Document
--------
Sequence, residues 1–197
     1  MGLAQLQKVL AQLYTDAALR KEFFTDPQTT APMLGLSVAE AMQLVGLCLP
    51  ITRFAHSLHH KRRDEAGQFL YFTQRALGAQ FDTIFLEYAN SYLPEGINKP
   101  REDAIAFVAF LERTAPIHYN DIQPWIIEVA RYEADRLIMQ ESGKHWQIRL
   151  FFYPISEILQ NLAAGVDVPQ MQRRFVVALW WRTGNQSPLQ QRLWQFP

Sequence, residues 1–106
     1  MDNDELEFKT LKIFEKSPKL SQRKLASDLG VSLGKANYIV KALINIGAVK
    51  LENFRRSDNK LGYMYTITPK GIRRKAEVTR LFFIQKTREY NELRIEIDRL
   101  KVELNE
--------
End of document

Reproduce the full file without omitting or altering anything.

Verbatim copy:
Sequence, residues 1–197
     1  MGLAQLQKVL AQLYTDAALR KEFFTDPQTT APMLGLSVAE AMQLVGLCLP
    51  ITRFAHSLHH KRRDEAGQFL YFTQRALGAQ FDTIFLEYAN SYLPEGINKP
   101  REDAIAFVAF LERTAPIHYN DIQPWIIEVA RYEADRLIMQ ESGKHWQIRL
   151  FFYPISEILQ NLAAGVDVPQ MQRRFVVALW WRTGNQSPLQ QRLWQFP

Sequence, residues 1–106
     1  MDNDELEFKT LKIFEKSPKL SQRKLASDLG VSLGKANYIV KALINIGAVK
    51  LENFRRSDNK LGYMYTITPK GIRRKAEVTR LFFIQKTREY NELRIEIDRL
   101  KVELNE